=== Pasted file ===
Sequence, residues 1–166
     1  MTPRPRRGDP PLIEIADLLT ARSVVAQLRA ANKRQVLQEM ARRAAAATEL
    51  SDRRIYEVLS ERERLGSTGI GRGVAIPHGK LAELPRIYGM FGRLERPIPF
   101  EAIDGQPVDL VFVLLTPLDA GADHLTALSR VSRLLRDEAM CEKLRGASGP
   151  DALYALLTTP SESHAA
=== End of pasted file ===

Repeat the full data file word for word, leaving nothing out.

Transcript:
Sequence, residues 1–166
     1  MTPRPRRGDP PLIEIADLLT ARSVVAQLRA ANKRQVLQEM ARRAAAATEL
    51  SDRRIYEVLS ERERLGSTGI GRGVAIPHGK LAELPRIYGM FGRLERPIPF
   101  EAIDGQPVDL VFVLLTPLDA GADHLTALSR VSRLLRDEAM CEKLRGASGP
   151  DALYALLTTP SESHAA